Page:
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Research Lab Results for pathogenesis

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  • Neuroimmunopathology Lab

    The research activities of the Neuroimmunopathology Laboratory focus on studies of immunologica...l and molecular mechanisms involved in the pathogenesis of neurological disorders. Our main areas of research include studies of neurological complications of HIV infection and AIDS, multiple sclerosis, transverse myelitis, autism and epilepsy. We seek to explore and identify immunopathological mechanisms associated with neurological disease that may be the target of potential therapeutic interventions. The laboratory collaborates with other researchers and laboratories at Johns Hopkins and other institutions in projects related with studies of the interaction between the immune and central nervous systems in pathological processes leading to neurological dysfunction. view more

    Research Areas: multiple sclerosis, autism, epilepsy, HIV, transverse myelitis
  • Nicola Heller Lab

    Lab Website

    Research in the Nicola Heller Lab focuses on the immunobiology of macrophages. Our team explore...s how these cells impact diseases with an inflammatory element, such as cancer, cardiovascular disease and obesity. Using a variety of techniques, including molecular and cellular biology, biochemistry, mouse models and more, we study the role of IL-4/IL-13 signaling in asthma and allergic disease, as well as the role of alternatively activated macrophages (AAM) in the pathogenesis of allergic inflammation. Currently, we are researching the links between asthma and obesity, with a focus on the roles of gender and race. view more

    Research Areas: asthma, allergies, immunobiology, inflammation, macrophages
  • Pulmonary Infection and Inflammation Research Lab

    Principal Investigator:
    Hongpeng Jia, M.D., M.Sc.
    Surgery

    The Jia lab performs basic and translational research into the mechanisms of and therapeutic st...rategy for viral and bacterial infection-induced inflammatory lung diseases, one of the leading causes of death in pulmonary diseases, especially for the ongoing pandemic of the SARS-CoV-2 mediated COVID-19. Our work has identified novel roles of Angiotensin-converting enzyme 2 (ACE2) in the inflammatory response to viral and bacterial lung infection and its complex contributions into the pathogenesis and disease progression and outcome of COVID-19. In seeking to translate these findings to clinical studies, we have been working on a collaboration with other investigators, developing novel diagnostic, preventive, and therapeutic tools in combating the devastating COVID-19, even in the era of effective vaccine prevention. These studies are funded by NIAID. view more

    Research Areas: RAS, viral and bacterial lung infection, inflammatory lung disease
  • Retinal Cell and Molecular Lab

    Lab Website
    Principal Investigator:
    Peter Campochiaro, M.D.
    Ophthalmology

    The Retinal Cell and Molecular Laboratory has three major areas of interest, each of which deal...s with some aspect of growth factor signaling and function in the retina and retinal pigmented epithelium (RPE): 1. Investigations aimed at gaining a better understanding of the pathogenesis of retinal and choroidal neovascularization and developing new ways to treat them.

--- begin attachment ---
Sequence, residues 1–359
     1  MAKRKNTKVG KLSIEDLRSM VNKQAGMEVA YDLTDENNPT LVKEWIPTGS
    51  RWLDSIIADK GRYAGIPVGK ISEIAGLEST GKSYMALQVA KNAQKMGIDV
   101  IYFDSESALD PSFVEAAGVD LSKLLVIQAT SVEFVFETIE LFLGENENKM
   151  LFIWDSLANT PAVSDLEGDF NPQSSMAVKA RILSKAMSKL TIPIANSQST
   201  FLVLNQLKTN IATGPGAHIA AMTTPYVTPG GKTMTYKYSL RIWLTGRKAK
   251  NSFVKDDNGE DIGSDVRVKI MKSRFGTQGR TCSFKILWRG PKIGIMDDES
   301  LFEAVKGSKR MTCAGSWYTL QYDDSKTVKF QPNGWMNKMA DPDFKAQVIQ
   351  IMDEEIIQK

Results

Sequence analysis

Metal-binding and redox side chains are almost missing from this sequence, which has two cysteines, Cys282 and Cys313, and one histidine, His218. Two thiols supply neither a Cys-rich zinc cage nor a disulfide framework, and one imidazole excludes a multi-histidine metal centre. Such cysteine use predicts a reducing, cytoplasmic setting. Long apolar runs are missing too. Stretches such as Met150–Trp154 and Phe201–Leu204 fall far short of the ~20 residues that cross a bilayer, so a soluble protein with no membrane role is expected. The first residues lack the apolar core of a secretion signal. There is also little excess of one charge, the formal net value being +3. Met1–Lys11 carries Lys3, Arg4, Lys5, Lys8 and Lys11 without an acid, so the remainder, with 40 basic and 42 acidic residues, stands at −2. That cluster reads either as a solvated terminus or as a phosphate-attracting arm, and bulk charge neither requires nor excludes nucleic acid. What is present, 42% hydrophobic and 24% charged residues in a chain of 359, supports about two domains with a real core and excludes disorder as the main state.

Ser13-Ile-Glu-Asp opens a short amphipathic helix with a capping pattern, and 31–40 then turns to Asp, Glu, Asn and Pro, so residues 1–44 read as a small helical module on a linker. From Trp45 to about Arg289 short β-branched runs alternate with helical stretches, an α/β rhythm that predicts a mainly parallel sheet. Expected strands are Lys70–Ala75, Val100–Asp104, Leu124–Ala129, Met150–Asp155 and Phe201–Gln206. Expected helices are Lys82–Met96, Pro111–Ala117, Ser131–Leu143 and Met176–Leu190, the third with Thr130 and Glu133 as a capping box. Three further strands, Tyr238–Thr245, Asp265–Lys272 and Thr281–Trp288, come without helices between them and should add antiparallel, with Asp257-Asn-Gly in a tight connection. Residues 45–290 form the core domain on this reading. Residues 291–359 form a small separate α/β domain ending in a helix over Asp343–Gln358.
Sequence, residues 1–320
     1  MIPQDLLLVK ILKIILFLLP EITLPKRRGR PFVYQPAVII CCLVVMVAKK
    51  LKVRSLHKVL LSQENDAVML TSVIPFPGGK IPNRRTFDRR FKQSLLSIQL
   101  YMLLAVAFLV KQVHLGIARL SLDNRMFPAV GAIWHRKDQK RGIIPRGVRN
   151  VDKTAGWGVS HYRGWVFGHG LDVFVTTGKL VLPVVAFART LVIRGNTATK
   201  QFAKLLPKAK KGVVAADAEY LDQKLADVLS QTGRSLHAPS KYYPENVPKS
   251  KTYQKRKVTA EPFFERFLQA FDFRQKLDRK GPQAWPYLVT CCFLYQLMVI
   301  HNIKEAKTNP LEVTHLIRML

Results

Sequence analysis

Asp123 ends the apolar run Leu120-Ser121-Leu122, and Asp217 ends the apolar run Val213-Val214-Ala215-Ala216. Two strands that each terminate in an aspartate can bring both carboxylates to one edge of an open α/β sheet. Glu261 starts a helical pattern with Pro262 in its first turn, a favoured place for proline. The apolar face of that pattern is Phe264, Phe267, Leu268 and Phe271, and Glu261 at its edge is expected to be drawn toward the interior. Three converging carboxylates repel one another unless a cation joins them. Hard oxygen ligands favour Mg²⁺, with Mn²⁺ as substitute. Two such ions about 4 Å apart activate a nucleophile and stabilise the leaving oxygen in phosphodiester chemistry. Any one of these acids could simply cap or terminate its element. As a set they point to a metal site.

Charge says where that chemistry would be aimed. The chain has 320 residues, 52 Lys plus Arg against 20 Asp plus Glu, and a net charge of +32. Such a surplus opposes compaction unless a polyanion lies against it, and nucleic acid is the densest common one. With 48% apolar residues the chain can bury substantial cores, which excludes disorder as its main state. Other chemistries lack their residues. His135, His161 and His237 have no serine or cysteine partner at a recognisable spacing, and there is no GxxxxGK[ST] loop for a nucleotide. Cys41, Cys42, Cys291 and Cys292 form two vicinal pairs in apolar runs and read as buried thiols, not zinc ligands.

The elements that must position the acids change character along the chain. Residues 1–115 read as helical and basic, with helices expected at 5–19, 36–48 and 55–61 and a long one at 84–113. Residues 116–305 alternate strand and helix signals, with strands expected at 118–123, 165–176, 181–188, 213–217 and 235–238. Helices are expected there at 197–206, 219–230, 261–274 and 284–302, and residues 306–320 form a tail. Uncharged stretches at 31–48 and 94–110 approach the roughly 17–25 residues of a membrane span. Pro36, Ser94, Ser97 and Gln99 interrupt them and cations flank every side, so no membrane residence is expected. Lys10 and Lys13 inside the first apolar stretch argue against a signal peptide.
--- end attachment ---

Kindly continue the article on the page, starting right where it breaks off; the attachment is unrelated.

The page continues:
2. Investigations aimed at understanding the molecular signals involved in retinal and RPE wound repair and scarring. The prototypical disease in this category is proliferative vitreoretinopathy and our laboratory is seeking to identify new treatments for it. 3. Investigations aimed at understanding why retinal degenerations occur and how they might be treated, with particular emphasis on neurotrophic factors.
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    Research Areas: choroidal neovascularization, branch retinal vein occlusion, central retinal vein occlusion, diabetic macular edema, gene therapy, ranibizumab
  • Retrovirus Laboratory

    Principal Investigator:
    Janice Clements, Ph.D.
    Molecular and Comparative Pathobiology

    Research in the Retrovirus Laboratory focuses on the molecular virology and pathogenesis of len...tivirus infections. In particular, we study the simian immunodeficiency virus (SIV) to determine the molecular basis for the development of HIV CNS, pulmonary and cardiac disease.

    Research projects include studies of viral molecular genetics and host cell genes and proteins involved in the pathogenesis of disease. We are also interested in studies of lentivirus replication in macrophages and astrocytes and their role in the development of disease. These studies have led us to identify the viral genes that are important in neurovirulence of SIV and the development of CNS disease including NEF and the TM portion of ENV. The mechanisms of the action of these proteins in the CNS are complex and are under investigation. We have also developed a rapid, consistent SIV/macaque model in which we can test the ability of various antiviral and neuroprotective agents to reduce the severity of CNS and pulmonary disease.
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    Research Areas: HIV, genomics, pulmonology, SIV, cardiology, lentivirus
  • Richard F. Ambinder Lab

    Lab Website